Earlier this month we heard news of the New South Wales (NSW) Australian of the Year Award being given to Craig Foster, former Socceroo and human rights activist, who has advocated for refugees and anti-racism. Recently, he helped the Afghan women’s national football team and other female athletes flee the Taliban and campaigned for the release of refugees.
In the same list of awards, Amar Singh, founder of Turbans 4 Australia, was named the NSW Local Hero for the voluntary work of Indian Sikhs who cheerfully delivered food to vulnerable Australians struggling in natural disasters of bushfires, floods and the Covid pandemic – all the while promoting multiculturalism and religious tolerance.
While most of us will not have a personal profile or outreach that makes news headlines, we are all called to exercise tolerance in our own home, workplace, church, community, on public transport, in sporting arenas and neighbourhoods. Craig Foster and Amar Singh model for us on the public stage what we are urged to do in our patch.
In 1996, the UN General Assembly set up the International Day for Tolerance to be marked annually on 16 November. What does this special day ask of us?
We can groan at the memory of the restrictions imposed during the Covid pandemic that kept us isolated. Knowing we needed to keep everyone safe for the common good, we tolerated such enforced disciplinary measures. This tolerance was mandatory and enforced.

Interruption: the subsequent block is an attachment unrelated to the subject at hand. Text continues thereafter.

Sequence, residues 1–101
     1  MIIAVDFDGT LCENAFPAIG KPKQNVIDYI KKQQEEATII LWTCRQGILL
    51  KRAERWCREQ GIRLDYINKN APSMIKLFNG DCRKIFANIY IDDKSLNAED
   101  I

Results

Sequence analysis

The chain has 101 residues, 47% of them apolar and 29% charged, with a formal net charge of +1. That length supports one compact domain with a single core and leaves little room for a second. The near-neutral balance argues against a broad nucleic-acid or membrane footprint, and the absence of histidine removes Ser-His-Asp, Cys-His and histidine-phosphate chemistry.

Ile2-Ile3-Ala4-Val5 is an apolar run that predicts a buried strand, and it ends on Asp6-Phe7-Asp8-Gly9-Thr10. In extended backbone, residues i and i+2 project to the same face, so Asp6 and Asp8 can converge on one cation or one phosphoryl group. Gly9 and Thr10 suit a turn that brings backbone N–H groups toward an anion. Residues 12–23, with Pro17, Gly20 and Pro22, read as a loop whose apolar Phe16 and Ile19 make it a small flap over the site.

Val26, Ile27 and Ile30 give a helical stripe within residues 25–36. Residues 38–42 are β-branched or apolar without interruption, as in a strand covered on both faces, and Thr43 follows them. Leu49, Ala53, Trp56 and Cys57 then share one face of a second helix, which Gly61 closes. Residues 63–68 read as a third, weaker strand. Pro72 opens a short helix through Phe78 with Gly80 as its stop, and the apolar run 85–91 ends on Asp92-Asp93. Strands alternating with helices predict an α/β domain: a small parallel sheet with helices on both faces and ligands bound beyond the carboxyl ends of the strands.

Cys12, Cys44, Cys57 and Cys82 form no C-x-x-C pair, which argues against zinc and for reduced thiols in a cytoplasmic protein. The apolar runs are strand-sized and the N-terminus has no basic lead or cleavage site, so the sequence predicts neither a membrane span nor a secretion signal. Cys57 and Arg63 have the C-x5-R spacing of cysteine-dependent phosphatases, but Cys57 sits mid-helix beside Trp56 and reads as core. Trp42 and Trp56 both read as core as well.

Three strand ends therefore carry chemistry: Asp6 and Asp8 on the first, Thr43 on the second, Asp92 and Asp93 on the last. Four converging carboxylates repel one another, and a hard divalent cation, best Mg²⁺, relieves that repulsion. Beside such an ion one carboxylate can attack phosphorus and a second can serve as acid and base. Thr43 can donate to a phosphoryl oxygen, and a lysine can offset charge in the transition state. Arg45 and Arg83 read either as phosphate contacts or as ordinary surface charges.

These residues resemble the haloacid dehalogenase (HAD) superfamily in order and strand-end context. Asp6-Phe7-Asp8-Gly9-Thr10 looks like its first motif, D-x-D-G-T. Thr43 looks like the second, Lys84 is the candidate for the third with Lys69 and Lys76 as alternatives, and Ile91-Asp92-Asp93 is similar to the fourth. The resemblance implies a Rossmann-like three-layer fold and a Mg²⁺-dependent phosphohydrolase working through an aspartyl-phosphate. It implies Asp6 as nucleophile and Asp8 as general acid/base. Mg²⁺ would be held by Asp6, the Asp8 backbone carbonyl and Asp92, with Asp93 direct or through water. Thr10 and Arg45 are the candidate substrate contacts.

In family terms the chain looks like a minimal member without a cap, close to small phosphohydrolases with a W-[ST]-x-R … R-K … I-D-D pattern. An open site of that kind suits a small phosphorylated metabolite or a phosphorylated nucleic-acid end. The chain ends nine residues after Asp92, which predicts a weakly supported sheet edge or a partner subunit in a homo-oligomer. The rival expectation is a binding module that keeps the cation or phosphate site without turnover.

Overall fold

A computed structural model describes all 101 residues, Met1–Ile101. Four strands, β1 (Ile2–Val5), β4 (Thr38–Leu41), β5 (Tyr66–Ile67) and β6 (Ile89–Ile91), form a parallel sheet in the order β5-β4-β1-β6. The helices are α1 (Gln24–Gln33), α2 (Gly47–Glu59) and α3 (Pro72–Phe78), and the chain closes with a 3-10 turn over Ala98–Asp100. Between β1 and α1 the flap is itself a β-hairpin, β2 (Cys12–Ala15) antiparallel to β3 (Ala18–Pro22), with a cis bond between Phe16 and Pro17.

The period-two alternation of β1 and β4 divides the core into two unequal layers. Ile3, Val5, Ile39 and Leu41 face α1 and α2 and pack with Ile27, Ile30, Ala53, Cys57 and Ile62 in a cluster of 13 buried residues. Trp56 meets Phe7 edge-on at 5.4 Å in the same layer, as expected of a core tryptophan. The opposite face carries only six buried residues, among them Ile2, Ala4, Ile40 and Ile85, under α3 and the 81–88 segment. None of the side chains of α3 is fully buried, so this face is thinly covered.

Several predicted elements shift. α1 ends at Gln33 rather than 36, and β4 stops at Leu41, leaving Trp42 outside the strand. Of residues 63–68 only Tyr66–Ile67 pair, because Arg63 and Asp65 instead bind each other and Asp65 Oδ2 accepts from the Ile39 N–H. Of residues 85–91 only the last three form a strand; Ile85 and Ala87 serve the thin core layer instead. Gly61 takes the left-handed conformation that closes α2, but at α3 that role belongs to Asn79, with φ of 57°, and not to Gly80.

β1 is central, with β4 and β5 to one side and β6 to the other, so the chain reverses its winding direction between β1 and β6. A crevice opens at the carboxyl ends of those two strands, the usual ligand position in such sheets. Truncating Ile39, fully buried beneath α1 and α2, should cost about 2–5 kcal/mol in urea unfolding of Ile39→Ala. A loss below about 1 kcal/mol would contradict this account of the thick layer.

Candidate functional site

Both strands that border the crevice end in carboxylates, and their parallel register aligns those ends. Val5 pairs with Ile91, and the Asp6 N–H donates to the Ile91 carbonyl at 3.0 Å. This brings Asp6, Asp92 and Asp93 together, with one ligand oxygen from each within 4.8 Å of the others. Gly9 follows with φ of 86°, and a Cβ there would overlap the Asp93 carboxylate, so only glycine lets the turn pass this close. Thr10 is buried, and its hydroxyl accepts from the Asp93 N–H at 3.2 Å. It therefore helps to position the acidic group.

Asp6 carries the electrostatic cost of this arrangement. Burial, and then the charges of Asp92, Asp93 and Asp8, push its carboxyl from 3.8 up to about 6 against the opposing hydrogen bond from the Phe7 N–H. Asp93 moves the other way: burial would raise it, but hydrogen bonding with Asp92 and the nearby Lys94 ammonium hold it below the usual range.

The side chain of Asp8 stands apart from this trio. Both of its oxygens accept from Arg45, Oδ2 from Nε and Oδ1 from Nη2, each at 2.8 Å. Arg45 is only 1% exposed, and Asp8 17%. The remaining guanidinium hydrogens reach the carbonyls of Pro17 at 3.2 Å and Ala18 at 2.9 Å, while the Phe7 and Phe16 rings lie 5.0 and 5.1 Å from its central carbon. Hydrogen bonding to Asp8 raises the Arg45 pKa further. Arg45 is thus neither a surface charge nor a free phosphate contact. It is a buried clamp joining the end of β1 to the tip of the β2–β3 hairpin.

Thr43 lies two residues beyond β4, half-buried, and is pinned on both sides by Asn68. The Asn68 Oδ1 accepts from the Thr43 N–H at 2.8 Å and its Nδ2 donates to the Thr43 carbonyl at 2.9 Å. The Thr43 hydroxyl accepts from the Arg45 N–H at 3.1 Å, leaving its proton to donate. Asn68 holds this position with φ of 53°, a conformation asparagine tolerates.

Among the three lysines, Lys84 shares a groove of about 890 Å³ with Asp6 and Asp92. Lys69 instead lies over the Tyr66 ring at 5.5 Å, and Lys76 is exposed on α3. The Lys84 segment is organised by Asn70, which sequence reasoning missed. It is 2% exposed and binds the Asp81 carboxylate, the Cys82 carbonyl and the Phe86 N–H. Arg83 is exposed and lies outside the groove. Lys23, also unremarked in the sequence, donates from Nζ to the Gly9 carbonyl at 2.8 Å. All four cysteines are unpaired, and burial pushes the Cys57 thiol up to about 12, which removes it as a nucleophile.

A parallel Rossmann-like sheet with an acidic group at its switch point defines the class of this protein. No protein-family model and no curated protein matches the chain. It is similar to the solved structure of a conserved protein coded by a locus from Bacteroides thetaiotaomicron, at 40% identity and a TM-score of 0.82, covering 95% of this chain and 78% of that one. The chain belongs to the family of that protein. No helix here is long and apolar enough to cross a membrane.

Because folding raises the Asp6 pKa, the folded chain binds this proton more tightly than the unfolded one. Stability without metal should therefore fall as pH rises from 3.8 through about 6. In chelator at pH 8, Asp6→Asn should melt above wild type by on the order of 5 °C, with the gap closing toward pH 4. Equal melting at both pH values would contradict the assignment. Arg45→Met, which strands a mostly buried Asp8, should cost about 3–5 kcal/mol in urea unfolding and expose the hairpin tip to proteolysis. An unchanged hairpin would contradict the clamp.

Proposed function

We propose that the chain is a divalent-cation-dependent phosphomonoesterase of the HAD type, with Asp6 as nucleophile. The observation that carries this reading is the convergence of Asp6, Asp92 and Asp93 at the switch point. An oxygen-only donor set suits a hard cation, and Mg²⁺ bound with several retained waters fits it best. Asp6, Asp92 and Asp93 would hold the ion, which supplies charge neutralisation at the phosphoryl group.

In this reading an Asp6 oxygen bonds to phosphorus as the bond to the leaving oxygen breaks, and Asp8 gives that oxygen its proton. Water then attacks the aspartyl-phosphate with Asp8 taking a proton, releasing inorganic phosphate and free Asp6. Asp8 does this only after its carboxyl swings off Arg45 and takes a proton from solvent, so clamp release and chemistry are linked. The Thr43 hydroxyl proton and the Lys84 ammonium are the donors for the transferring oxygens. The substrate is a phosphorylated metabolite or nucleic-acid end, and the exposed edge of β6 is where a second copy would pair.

Zero tolerance of abuse of children, vulnerable adults and the elderly is also an obligation requiring our ongoing and unquestioned commitment.
The tolerance promoted by United Nations is of a universal and deeper kind, allied with the values of Jesus in the gospels and those of our saints, founders and mentors. It’s an everyday, relational, and practical response that is grounded in respect.
Mary MacKillop’s words “Find happiness in making others happy” (1899) continue to encourage us when we are listening to others expressing opinions, worldviews, ideas and perspectives that are contrary to our own.
Staying in a conversation, agreeing to differ, trying to understand a new perspective, remaining calm without getting emotional or angry is a challenge and nevertheless, an invitation to grow in our embrace of diversity.
In our increasing multicultural and interfaith world, harmonious communities depend on our practice of tolerance. Curiosity about the preferences of others and placing oneself in someone else’s shoes can be the essence of tolerance. Empathic listening is key.
Matters where we disagree can be about the simplest and most profound of things – what we wear, eat, cook, enjoy, believe, look like, celebrate, treasure as tradition and custom, prioritise and play.
Julian Tenison Woods urges us to be open-minded, “Pray like the blind man in the Gospel for sight – ‘Lord that I may see.’” (1868)
St Paul writes:
Kerrie Cusack rsj